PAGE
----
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The First Adaptive Athletes Climb and Ski Denali In Warren Miller’s New Film, “Winter Starts Now”

“I love skiing because for me it’s turned into this equalizer,” Sojitra says in the film.


Warren Miller Feature Films

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The First Adaptive Athletes Climb and Ski Denali In Warren Miller's New Film, "Winter Starts Now"


Vasu Sojitra and Pete McAfee are not the first adaptive athletes to climb Alaska’s 20,310-foot Denali, but on June 30, 2021, they claimed the first disabled descent on skis. With a four-man film crew and 1,000 pounds of gear between the six of them, including both athletes with amputated right legs, the team slogged 150- to 200-pound sleds up the 13,000-foot West Rib route. They endured heavy, wet snow with temperatures as low as -30°F, and summited in whiteout conditions with a narrow weather window.

On the ascent, McAfee used a prosthetic secured with ski straps and mounted to the sole of a touring boot with pin inserts. Sojitra stuck with just one ski and “outrigger” poles (he called them ninja sticks) with little skis on them. All day long, he’d use his arms to lift his body while gliding his ski up the hill beneath him. Both athletes boot packed up steeper sections, dragging their 120-plus pound sleds hooked into their harnesses. They’re all smiles in most of the footage, which was shot for Warren Miller’s new film, “Winter Starts Now,” which goes on tour October 22 and runs through December.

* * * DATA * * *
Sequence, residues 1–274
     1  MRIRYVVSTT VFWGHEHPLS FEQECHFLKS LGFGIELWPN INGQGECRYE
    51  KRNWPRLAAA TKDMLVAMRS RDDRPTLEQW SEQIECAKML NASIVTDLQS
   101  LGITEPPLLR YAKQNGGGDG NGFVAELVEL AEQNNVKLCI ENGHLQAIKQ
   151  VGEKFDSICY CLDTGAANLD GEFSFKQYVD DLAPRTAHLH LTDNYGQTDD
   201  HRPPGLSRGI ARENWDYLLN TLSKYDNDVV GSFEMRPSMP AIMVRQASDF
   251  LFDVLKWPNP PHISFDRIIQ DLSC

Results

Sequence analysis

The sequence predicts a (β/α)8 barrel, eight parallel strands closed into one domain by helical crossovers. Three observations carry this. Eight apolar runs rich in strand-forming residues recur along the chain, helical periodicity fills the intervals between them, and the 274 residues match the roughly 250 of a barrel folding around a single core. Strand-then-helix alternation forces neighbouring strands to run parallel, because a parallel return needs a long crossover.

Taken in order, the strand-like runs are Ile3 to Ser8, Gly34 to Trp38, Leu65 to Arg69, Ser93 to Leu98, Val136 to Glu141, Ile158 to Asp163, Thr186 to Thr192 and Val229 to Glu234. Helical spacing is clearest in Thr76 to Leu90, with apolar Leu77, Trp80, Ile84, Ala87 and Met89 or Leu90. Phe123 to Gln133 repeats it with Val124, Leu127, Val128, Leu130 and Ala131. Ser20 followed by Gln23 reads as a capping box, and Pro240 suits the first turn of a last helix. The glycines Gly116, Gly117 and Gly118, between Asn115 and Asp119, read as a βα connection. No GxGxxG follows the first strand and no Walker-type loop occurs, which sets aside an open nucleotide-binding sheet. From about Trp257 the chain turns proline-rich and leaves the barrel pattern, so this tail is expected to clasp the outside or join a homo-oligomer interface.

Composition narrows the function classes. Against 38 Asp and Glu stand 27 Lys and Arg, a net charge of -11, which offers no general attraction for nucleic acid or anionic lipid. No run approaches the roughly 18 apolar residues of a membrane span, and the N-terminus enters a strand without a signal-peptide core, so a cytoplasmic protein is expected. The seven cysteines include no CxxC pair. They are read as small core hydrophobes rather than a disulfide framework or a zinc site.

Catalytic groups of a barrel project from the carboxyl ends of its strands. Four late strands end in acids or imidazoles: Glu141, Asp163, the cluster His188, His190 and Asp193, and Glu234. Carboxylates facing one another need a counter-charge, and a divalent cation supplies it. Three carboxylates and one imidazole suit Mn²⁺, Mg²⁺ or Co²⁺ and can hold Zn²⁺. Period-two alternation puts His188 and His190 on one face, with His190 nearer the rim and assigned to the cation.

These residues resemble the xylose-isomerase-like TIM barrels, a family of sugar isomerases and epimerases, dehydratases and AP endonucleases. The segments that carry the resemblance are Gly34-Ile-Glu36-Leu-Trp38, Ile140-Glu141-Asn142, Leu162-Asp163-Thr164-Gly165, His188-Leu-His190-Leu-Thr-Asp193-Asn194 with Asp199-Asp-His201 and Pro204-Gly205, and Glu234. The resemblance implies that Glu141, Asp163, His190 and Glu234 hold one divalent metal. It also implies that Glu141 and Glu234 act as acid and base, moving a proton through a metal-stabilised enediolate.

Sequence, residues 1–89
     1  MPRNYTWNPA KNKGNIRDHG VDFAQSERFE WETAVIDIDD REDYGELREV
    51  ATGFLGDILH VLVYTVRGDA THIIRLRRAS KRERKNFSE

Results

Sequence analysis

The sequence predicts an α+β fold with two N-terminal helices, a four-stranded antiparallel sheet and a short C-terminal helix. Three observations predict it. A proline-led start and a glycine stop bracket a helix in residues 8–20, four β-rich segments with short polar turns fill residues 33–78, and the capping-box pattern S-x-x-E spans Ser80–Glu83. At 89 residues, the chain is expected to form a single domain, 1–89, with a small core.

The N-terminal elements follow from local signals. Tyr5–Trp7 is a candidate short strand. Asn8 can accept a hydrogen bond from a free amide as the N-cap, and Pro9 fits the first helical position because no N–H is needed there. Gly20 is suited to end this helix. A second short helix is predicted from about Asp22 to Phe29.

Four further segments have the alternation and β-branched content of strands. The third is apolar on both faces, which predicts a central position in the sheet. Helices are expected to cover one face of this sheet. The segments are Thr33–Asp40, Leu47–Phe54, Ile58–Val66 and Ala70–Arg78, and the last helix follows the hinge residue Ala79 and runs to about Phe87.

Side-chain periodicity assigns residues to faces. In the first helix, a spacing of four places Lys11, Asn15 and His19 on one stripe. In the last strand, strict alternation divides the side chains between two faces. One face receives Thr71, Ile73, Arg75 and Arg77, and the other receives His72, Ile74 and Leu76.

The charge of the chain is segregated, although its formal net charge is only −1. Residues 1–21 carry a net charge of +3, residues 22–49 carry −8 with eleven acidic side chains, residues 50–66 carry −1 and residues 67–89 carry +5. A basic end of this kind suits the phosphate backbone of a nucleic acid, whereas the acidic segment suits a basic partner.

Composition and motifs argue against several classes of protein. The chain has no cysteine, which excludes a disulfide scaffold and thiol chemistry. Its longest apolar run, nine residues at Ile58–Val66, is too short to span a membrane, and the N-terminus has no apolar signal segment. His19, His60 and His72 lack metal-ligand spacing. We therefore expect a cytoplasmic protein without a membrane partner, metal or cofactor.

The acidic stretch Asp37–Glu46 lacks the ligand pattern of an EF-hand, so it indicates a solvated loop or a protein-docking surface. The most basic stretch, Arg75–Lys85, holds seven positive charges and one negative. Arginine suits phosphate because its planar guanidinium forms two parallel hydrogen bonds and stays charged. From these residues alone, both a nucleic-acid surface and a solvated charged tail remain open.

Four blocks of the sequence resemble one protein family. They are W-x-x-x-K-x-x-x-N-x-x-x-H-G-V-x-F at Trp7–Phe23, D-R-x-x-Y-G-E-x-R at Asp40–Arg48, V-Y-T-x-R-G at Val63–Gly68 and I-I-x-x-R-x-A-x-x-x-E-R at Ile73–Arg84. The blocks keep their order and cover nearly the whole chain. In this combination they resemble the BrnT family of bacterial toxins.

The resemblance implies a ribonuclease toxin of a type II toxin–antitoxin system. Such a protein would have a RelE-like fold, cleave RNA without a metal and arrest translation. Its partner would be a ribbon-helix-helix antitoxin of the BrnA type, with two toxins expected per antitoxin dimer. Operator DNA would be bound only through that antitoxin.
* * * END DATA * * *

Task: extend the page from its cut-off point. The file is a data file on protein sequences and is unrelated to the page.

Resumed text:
The ski mountaineers, who are both amputees, summited and skied the 20,310-foot Alaskan peak on June 20. (Photo: Ted Hesser)

Their weather window was small, however, and they almost didn’t attempt the summit after spending two and a half weeks getting to high camp at 17,000 feet and preparing. But after watching the National Park Service’s weatherboard, which showed an intermittent and unreliable forecast, they decided to go for it, threading the needle before a low-pressure system moved in.

The rest of their crew consisted of filmmakers Erich Roepke, Stein Retzlaff, Ted Hesser, and Ben Farrar. “None of us could have reached the summit alone,” says photographer Ted Hesser, who documented the mission. “There’s often a tension between the group and individual objectives on mountaineering expeditions. That wasn’t present on this trip. The whole team worked together to succeed.”

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